5. Record your wishes in an advance directive

To make sure your wishes are carried out, have them recorded in an advance directive. A properly documented and witnessed advance directive becomes a legal guideline that healthcare professionals are bound to follow. Be sure to give copies of the finalized directive to your doctor’s office, your agent, and others who will likely be involved in your care. Do not place the directive in a safety deposit box or with your attorney for safekeeping — it needs to be readily accessible when it is needed. 

6. Review your ACP regularly

Throughout your life, things change. For example, you might develop a new condition that affects your wishes for end-of-life care. Your relationships may also change, and you might want to change your healthcare agent (in some states, called a proxy). Therefore, you should review your advance care plan on a regular basis, particularly if anything changes.

Questions to ask yourself when planning your care

These questions will help you with the first stage of the advance care planning process — thinking about what your wishes for end-of-life care might look like.

1. Which tests, treatments, and medications do you want to receive as you near the end of your life?

Different medical interventions have different benefits and side effects. Learning about the treatments you might need toward the end of your life can help you make an informed decision. Treatments to consider include CPR, intubation, ventilation, blood transfusions, use of dialysis machines, use of artificial nutrition and hydration, and use of antibiotics or antiviral medications. Make sure you specify what treatments you do not want, especially if they go against your faith tradition, so doctors and hospitals have guidance on what is appropriate for you.

2. Which types of care do you not want to receive?

For example, if you are very ill, you might prefer not to have invasive treatments and instead receive palliative care — care to keep you comfortable and to lessen the side effects of your underlying illness, as opposed to care attempting to cure your illness — to improve the quality of the life you have left. Another option is to say you are interested in a trial period of a treatment, but if there is no improvement to your health status in a predetermined amount of time, you want it stopped.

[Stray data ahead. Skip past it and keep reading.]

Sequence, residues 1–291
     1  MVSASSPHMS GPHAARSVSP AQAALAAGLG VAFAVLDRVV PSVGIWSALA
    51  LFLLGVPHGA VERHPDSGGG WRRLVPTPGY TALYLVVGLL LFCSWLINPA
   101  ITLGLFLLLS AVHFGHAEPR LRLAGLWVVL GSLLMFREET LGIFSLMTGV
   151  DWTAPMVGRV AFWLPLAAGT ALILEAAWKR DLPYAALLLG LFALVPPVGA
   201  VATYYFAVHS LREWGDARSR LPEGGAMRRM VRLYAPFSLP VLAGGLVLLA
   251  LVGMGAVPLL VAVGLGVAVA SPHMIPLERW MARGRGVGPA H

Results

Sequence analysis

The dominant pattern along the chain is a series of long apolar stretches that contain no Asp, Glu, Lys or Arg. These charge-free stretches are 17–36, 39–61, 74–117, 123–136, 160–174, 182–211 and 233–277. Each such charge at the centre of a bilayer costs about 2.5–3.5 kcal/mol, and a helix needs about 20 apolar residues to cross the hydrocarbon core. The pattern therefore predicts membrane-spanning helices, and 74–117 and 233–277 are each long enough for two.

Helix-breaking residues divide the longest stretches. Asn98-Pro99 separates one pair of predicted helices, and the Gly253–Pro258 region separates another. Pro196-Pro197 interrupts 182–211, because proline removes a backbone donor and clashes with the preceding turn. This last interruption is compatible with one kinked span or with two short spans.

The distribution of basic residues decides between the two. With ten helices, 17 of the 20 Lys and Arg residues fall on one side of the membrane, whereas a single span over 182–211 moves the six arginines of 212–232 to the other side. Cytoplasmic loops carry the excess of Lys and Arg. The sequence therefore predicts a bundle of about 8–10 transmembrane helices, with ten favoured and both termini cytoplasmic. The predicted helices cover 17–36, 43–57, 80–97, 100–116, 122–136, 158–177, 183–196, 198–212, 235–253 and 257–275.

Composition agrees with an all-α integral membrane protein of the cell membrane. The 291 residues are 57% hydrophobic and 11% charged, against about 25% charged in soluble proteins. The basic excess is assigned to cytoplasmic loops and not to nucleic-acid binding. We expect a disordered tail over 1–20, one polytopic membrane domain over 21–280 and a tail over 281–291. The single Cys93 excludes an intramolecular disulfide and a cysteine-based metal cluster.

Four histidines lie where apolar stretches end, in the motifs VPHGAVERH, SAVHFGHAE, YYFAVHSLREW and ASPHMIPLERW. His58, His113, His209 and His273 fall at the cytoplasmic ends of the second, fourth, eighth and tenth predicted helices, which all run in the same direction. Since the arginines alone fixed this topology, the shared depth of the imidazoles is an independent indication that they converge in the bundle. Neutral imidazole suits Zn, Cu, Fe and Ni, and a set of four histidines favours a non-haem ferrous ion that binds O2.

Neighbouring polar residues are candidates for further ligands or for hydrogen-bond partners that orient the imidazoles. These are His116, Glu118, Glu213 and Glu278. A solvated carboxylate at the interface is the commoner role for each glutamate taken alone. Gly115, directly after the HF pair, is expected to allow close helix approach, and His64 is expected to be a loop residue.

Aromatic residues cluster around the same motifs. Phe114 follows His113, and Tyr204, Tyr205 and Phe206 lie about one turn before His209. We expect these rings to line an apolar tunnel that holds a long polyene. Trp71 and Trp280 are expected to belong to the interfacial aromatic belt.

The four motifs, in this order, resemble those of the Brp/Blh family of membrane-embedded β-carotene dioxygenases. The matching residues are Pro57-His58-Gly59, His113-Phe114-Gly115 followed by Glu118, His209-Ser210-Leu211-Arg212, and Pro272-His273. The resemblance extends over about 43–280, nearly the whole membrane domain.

3. Where would you like to spend your final days?

You might want to remain in a healthcare facility so that healthcare professionals are always on hand. Or you might prefer to spend your final days at home in a familiar environment, receiving care from home care and hospice professionals. This will have an impact on the medical care you receive. Note that most advance directive forms do not include questions about what you would like to happen with your body following death, but you are more than welcome to add your preferences to the document. Usually, your agent does not have the legal authority to make decisions once your life has ended, unless you specifically give them that power in your directive or elsewhere in your estate planning documents.

4. Who will advocate for you if you’re ill or incapacitated?

Your healthcare agent needs to be someone you trust, who understands your wishes and what’s important to you. This person should agree to take on this responsibility and does not have to be a relative. You should also consider the geographical location of this person — it might be easier to choose someone who lives close by.

Planning for the “what-ifs”

Advance care planning is about preparing for a range of scenarios to make them easier to navigate if and when the time comes. These are extremely personal decisions, and taking the time to think and plan in advance can ease the strain on you and your loved ones if you do become ill. If you’d like help with other aspects of end-of-life planning, see our end-of-life planning checklist and tips for organizing your end-of-life documents. You can also ask your healthcare provider for assistance.